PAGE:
This illustrates my points:
Assume that you have proven that your sandbox is immune to all attacks. If this proof where made about 10 years ago it would have not taken into consideration dangling pointer and padding oracle attacks because these methods of exploitation where unknown at the time. Therefor you could not have proven that this sandbox was totally secure, as that would be a contradiction -><-
Your question seems to indicate a misunderstanding of what security is. Proven security is an oxymoron. Nothing can ever be completely secure, or as the old IT security joke goes, the only provably secure storage is writing to dev/null (ie, destruction). Security is simply a game of resources and costs. It tries to balance the need of legitimate users getting at information while preventing attackers from doing the same, but with any allowable access, given sufficient resources and time, it will always be possible or at least feasible to break the system and gain access.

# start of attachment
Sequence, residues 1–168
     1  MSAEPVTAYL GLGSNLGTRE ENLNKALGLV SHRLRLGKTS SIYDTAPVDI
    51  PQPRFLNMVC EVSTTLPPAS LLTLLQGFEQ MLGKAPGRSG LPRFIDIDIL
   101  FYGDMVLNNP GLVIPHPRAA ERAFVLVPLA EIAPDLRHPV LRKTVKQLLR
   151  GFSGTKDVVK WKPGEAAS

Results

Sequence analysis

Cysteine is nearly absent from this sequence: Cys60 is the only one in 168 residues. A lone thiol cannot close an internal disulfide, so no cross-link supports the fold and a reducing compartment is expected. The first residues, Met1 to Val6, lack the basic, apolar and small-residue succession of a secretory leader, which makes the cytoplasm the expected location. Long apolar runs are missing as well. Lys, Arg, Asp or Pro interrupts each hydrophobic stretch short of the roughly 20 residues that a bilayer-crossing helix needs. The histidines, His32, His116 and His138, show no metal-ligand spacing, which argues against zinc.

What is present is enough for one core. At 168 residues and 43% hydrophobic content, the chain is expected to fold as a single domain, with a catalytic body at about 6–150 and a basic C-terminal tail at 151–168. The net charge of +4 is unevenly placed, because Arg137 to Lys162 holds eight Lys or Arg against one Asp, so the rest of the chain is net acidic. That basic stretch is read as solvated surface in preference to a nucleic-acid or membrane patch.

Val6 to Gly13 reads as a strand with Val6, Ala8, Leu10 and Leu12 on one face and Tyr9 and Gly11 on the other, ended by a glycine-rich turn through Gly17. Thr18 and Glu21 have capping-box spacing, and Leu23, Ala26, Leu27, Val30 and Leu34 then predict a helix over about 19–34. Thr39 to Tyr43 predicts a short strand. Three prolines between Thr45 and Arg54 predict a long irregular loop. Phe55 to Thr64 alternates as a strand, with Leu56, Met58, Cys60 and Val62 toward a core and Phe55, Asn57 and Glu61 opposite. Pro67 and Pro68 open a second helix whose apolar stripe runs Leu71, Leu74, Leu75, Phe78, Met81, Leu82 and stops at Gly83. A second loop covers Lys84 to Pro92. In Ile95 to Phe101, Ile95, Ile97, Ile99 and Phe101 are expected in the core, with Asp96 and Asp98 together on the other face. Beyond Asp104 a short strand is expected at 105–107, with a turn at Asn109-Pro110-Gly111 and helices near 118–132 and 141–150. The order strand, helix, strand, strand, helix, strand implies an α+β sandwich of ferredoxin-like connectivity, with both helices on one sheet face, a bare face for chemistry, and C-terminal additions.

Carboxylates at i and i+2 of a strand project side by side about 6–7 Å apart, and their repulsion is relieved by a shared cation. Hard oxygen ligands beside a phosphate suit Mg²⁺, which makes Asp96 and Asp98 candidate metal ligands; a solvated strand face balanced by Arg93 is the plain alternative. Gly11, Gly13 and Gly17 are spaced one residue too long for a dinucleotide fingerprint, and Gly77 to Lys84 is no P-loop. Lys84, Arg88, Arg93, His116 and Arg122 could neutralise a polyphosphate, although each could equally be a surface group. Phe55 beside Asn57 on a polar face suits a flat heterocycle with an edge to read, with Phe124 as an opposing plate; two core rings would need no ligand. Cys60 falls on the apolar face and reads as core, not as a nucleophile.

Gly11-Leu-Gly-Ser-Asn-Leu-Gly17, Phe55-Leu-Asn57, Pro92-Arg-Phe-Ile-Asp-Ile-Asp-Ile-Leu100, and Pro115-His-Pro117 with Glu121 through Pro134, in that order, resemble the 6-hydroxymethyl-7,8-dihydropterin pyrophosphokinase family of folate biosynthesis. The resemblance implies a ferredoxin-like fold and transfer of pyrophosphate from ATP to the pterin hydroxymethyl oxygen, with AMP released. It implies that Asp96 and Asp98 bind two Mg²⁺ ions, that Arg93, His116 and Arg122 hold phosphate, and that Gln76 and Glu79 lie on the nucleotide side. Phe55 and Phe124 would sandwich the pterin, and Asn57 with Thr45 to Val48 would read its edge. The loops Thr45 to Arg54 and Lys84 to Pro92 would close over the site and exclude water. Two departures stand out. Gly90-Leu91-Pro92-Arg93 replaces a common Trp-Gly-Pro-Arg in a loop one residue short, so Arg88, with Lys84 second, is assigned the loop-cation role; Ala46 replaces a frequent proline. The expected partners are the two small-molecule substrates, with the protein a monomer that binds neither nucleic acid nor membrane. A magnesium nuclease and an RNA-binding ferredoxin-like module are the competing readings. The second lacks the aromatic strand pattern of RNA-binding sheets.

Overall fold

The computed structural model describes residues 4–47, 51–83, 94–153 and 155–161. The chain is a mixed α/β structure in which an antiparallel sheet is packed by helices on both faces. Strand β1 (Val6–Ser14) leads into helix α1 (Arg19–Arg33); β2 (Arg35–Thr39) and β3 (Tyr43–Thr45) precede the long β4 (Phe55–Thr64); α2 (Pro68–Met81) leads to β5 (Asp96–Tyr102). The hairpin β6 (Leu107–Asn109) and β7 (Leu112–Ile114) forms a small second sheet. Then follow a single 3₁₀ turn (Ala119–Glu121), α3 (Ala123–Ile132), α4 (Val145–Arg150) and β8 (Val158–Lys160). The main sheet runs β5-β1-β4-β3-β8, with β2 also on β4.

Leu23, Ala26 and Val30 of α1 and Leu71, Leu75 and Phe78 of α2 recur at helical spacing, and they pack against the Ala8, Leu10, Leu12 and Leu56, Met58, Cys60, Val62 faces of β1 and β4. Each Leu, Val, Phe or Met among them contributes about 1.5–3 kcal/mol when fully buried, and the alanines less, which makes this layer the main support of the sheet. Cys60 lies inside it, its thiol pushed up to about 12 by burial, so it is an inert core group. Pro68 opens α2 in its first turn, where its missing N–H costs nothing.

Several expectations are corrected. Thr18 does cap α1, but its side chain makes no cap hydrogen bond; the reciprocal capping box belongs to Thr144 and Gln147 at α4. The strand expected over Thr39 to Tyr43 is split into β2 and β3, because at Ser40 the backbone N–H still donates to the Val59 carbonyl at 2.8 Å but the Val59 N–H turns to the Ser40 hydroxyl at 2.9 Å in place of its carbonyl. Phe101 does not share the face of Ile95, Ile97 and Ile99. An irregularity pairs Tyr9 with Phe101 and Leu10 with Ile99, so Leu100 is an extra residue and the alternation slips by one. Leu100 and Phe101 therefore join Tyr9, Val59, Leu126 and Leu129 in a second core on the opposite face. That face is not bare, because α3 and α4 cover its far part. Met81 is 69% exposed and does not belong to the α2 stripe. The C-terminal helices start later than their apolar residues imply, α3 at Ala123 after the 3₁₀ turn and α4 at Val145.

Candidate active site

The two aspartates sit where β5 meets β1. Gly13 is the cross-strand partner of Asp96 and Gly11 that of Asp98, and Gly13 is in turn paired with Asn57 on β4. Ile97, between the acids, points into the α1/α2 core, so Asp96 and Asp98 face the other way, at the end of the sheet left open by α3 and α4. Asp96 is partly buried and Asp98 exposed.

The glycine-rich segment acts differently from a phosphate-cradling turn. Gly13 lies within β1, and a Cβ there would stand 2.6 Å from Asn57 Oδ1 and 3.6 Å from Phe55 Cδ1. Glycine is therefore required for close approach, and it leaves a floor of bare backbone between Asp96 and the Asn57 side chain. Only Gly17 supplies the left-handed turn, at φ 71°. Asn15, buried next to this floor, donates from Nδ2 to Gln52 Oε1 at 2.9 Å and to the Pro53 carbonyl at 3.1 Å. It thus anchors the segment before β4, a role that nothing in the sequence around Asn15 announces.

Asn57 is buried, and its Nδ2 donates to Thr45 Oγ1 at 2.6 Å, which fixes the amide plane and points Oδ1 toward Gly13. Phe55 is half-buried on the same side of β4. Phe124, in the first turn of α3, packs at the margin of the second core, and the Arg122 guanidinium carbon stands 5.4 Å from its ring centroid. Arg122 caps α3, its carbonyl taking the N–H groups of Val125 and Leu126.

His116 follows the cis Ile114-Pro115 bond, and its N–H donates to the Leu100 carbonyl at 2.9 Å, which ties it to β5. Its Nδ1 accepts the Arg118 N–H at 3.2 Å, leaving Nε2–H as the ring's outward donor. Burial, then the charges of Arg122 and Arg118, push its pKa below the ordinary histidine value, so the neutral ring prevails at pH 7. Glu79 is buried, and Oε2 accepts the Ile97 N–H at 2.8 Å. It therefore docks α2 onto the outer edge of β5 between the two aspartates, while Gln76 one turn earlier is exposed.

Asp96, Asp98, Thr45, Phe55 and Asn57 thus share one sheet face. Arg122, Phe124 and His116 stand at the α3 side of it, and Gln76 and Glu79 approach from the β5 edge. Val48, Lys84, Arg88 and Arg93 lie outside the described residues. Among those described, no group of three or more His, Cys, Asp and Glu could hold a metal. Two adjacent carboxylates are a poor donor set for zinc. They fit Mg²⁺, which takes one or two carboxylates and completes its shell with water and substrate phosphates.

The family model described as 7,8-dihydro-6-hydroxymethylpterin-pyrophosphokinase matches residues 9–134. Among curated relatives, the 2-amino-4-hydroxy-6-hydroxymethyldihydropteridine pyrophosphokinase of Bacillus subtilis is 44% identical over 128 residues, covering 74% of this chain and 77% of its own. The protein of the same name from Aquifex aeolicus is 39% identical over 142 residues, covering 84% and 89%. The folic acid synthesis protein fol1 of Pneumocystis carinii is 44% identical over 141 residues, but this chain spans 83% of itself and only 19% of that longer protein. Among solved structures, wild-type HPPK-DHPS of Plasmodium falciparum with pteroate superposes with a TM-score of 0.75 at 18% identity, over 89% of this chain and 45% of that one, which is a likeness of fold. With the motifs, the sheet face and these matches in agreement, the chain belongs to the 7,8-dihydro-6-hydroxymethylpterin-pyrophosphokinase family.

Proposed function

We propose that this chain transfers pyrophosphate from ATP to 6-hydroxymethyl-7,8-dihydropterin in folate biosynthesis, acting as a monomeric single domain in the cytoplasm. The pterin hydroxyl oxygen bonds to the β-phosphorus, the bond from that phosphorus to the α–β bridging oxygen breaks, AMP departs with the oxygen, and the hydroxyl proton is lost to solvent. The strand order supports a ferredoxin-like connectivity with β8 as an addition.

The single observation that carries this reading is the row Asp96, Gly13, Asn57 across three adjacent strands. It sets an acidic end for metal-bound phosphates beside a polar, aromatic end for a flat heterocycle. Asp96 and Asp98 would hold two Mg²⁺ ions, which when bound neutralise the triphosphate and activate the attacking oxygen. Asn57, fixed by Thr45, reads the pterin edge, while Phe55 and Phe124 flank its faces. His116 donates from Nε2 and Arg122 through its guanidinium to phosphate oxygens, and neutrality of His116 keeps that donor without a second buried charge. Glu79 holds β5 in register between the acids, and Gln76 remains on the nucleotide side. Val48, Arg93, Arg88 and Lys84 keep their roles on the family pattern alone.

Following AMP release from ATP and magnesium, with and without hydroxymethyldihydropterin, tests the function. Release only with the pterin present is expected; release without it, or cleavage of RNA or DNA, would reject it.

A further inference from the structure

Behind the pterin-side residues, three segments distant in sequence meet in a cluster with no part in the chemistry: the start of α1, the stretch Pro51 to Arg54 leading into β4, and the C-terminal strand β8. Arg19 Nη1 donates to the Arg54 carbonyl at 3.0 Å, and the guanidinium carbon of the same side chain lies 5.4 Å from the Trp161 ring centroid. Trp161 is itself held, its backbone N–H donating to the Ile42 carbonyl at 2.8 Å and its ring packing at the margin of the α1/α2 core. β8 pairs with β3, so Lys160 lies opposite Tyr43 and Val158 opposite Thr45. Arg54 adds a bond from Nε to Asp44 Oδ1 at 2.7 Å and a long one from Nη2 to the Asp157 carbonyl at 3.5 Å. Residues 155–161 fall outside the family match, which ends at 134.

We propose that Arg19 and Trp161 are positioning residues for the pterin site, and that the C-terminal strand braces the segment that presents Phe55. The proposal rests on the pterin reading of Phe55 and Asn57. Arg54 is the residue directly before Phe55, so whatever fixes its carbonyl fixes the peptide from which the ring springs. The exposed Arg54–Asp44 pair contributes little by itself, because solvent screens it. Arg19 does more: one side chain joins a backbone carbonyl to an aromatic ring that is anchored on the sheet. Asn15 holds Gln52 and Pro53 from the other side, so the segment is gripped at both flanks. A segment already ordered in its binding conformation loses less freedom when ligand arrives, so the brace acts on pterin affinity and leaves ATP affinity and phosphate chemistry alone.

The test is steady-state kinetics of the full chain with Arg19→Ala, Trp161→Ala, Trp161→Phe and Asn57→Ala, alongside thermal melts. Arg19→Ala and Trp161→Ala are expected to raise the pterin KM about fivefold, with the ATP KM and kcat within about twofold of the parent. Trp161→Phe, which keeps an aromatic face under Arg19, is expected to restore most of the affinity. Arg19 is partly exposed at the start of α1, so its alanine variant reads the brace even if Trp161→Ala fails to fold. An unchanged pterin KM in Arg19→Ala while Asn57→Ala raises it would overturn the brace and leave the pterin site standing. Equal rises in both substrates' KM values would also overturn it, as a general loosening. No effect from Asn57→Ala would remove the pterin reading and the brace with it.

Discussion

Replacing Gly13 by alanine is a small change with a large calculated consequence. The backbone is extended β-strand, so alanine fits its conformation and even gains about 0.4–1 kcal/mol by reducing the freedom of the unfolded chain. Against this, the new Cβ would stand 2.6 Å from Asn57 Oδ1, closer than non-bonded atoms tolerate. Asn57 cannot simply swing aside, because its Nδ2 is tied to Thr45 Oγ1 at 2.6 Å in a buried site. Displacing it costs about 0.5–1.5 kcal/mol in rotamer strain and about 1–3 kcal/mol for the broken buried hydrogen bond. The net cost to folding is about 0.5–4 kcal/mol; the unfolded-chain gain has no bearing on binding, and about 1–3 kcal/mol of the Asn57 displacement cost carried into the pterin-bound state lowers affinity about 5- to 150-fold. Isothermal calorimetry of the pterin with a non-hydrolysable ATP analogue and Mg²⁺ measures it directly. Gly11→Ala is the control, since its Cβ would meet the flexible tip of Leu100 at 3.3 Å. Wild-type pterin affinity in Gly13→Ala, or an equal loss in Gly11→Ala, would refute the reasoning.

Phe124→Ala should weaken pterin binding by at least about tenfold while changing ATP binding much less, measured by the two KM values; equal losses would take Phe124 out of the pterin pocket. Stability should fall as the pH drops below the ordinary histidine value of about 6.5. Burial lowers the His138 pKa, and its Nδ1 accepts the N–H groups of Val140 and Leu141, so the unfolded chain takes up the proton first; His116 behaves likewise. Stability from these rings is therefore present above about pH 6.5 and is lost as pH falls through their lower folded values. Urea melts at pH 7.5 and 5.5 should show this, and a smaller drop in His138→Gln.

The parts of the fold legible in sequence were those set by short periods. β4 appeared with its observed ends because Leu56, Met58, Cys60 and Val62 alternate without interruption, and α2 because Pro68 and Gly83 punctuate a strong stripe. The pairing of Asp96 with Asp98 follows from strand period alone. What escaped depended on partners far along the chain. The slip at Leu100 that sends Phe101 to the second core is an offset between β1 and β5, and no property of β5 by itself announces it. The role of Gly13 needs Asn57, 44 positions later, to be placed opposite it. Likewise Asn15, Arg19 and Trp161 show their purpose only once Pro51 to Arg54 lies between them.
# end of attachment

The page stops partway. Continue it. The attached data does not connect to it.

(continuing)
Self destructive systems are an attempt to avoid this problem by limiting the amount of access that can be done, but inventive means can circumvent most of these as well given significant enough resources and effort (sometimes down to the level of actually dissolving layers of chips, layer by layer).
The question really needs more clarification to be answerable. Do you perhaps mean, can protection against a particular type of attack be proven? If so, what kinds of attacks are you worried about?
It depends what kind of provable security you talk abot (for either for its impossible and nonsense). But in security algorithms provable security means that in order to break your algorithm someone needs to break underlaying crypto. Thus if we think of our crypto-alg as secure one, and you write a proof that only by breaking the crypto you will be able to break your algorithm then it does not mean anything, it's just something that can be researched and published nothing more. And I agree with Rook attack patterns are evolving something proof for now will not be secure within a decade or so.